Even without counting openers as the relievers they really are, bullpens have pitched more than half (50.3 percent) of playoff innings this season, a dramatic increase from their record 40.1 percent during the regular season and then-record 46.5 percent last postseason. That rapid evolution, led by the rotation-challenged Brewers’ 64.8 percent (!) preference for the pen, has caused a bit of a bullpenning backlash based on the disappearance of starters, who used to play a central role in the narrative of each game. But there’s another reason to be miffed about bullpenning: It brings many more pitching changes.
This year’s playoff teams have combined to average almost nine pitching changes per game, with the reliever parade sometimes starting in the first inning. Granted, some of those changes occur during breaks between innings when we’re already captives to the TV. But many others add additional unwanted interruptions to the plod of play.
Another consequence of the October rise of relievers is a corresponding increase in fastball velocity. This postseason, pitchers are averaging 94.8 mph when they throw four-seam fastballs, another all-time high.
As a group, relievers throw harder than starters, and because relievers are throwing a higher proportion of playoff innings, starters, in turn, can feel free to air it out, knowing that they won’t need to go deep into games. And because pitchers understand the importance of each playoff pitch, they’re more likely to throw as hard as they can on every delivery than they would when the season isn’t always on the line. The playoffs also admit more hard throwers to begin with, because playoff teams tend to be good teams, and good teams tend to employ good pitchers, and good pitchers tend to throw hard.
Even though fastballs have never been more blistering, playoff pitchers are throwing more breaking balls, another amplification of a regular-season trend: This is the first year on record in which whiff-happy pitchers collectively threw more sliders than sinkers. Not only have postseason pitchers gone to their breaking balls more often than ever this month, but they’ve also thrown more breakers than ever relative to the regular-season standard.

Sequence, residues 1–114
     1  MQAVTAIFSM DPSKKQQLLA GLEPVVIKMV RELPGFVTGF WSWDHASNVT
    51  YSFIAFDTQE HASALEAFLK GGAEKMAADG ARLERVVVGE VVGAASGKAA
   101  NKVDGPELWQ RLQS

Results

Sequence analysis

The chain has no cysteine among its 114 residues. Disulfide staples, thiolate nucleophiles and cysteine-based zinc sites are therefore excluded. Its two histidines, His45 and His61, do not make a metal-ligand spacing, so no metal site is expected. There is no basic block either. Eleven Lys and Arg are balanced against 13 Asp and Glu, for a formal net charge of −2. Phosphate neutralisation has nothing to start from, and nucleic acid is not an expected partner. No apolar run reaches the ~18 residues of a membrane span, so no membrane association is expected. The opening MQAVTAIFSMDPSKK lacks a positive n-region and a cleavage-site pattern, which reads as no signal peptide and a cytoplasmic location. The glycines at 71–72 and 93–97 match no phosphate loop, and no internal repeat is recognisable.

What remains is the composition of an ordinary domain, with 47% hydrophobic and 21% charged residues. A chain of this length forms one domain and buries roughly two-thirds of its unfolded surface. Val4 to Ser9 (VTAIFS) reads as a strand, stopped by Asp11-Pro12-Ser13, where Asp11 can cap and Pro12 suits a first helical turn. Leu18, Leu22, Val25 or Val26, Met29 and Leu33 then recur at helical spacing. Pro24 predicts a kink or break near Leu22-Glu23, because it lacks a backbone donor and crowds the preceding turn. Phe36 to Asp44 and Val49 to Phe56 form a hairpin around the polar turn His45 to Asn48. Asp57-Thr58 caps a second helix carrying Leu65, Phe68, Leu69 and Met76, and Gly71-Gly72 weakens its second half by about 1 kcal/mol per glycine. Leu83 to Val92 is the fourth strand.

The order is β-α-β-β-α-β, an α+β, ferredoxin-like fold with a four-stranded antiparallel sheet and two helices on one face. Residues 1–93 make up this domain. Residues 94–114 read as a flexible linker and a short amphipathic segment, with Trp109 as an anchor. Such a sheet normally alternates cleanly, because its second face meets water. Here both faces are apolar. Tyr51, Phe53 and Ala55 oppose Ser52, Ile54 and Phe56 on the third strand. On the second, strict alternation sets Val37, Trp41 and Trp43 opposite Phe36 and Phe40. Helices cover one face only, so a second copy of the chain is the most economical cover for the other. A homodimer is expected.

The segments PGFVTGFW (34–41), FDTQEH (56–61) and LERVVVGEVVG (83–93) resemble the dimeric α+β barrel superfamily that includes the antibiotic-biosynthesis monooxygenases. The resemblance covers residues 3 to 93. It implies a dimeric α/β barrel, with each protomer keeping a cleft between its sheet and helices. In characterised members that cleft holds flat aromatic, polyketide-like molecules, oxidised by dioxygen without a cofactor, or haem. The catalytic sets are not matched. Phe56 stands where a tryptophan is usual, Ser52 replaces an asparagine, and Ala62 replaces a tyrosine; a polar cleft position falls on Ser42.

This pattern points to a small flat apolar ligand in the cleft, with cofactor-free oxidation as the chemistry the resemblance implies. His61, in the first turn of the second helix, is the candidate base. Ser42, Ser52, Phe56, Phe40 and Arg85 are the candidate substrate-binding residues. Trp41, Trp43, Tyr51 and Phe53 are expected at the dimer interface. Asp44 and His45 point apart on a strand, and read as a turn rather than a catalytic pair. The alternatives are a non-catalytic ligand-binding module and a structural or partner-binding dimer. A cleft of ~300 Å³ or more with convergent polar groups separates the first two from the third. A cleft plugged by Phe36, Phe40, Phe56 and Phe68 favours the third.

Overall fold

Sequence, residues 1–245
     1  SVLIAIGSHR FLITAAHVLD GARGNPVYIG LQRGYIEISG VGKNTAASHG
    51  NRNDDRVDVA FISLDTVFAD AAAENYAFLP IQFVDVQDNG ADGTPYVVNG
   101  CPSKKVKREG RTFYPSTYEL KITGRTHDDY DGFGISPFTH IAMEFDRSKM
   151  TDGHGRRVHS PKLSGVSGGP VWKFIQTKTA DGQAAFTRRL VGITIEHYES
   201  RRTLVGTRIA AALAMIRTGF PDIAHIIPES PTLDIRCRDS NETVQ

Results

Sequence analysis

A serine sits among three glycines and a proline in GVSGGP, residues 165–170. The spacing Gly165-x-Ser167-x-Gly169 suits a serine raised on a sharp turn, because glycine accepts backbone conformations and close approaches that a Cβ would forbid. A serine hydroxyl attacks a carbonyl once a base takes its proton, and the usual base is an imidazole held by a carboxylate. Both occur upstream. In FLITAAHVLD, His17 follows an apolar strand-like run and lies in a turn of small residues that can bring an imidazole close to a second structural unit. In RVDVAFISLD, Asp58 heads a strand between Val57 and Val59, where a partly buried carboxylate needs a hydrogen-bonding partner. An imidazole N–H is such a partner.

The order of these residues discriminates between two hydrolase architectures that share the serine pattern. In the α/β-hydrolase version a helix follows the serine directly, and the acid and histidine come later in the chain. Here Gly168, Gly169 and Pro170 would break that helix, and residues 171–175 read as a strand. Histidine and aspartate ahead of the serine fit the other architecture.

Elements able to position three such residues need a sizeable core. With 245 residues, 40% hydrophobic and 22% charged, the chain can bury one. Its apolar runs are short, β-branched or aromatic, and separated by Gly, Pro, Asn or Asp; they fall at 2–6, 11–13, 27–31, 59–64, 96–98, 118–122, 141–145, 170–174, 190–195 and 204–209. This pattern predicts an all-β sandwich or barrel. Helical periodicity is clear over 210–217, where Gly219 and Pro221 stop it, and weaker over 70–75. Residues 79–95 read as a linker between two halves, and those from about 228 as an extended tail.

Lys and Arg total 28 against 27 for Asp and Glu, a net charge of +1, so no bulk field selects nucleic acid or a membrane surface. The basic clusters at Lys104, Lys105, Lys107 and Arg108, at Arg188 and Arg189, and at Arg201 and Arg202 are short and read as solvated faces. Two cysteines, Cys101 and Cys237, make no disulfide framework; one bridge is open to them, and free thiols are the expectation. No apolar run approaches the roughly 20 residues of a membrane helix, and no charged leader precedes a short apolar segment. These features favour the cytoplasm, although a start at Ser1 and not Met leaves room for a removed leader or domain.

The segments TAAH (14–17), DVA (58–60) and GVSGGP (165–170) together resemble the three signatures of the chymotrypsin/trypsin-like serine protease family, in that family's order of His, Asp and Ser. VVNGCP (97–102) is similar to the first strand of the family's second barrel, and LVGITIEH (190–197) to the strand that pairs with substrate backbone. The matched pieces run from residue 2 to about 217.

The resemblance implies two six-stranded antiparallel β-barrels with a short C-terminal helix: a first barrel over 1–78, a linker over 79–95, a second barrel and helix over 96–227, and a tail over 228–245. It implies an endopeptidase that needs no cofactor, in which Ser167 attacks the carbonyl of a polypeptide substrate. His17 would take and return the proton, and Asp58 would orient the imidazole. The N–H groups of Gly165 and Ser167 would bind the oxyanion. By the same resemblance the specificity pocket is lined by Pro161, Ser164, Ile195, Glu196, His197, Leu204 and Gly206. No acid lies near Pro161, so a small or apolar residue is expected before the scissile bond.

Combine faster fastballs, more breaking balls, more pitchers per game, and increasingly complex systems for relaying signs, and you have a recipe for more balls bouncing to the backstop, whether because catchers are getting crossed up or because they just can’t get their gloves on the ball. Pitchers threw more wild pitches per game during the 2018 regular season than in any season since the 19th century, and as FanGraphs’ Craig Edwards observed, the rate of passed balls and wild pitches per postseason game has skyrocketed since 2016. The normally reliable Yasmani Grandal has looked like a butcher behind the plate in the NLCS, but he isn’t the only catcher having a hard time blocking balls.
If playoff pitchers are becoming more difficult to catch, it stands to reason that they would also be harder to hit. And they are: Hitters have struck out in 23.8 percent of their postseason plate appearances, up from 22.3 percent during the regular season. If we lump together the three true outcomes (strikeouts, walks, and homers), as well as hit by pitches—another non-ball-in-play occurrence that has reached a record post-19th-century high—we find that only once since 2010 has the postseason produced more balls in play per plate appearance than the rest of the season.
Similarly, only once since 2010 have playoff hitters outhit regular-season hitters, as good pitching, good defense, and cold weather combine to suppress scoring despite the presence of more dangerous hitters on the whole.
To recap: Playoff baseball is significantly longer and slower-paced than regular-season baseball, with more mind-numbing delays, fewer balls in play, and less scoring. Add in later start times, and the playoffs are actively contributing to the perception that baseball is a boring slog that only an old could enjoy.
None of these threats will go away without intervention. Most of the developments documented above have been building for decades, but both the league and the still-powerful players association have long hesitated to tinker with the working of the sport. In October, teams collectively take existing trends to extremes, both because playoff clubs often embody the latest and greatest ways to be good at the game and because the postseason schedule permits much more aggressive strategies than the six-month marathon that precedes it. To a greater degree than the other major sports, baseball morphs into a fundamentally different game during its most important period. But it’s not so different that we should ignore what it’s trying to tell us about what baseball’s future will look like if these trends are left unchecked. It was seen in some quarters as a sign of the impending apocalypse that this regular season featured more strikeouts than hits for the first time, but that’s been the norm in October since 2015. The rest of the season just took some time to catch up.
That the playoffs remain so compelling is a testament to the suspense of short series and the connection that fans forge with their teams over many months. But MLB can’t count on every viewer having binged the whole season before October begins. If the league wants its product to do more than attract true believers, the playoffs have to be friendlier to channel-flippers for whom four-hour games are a few innings too far.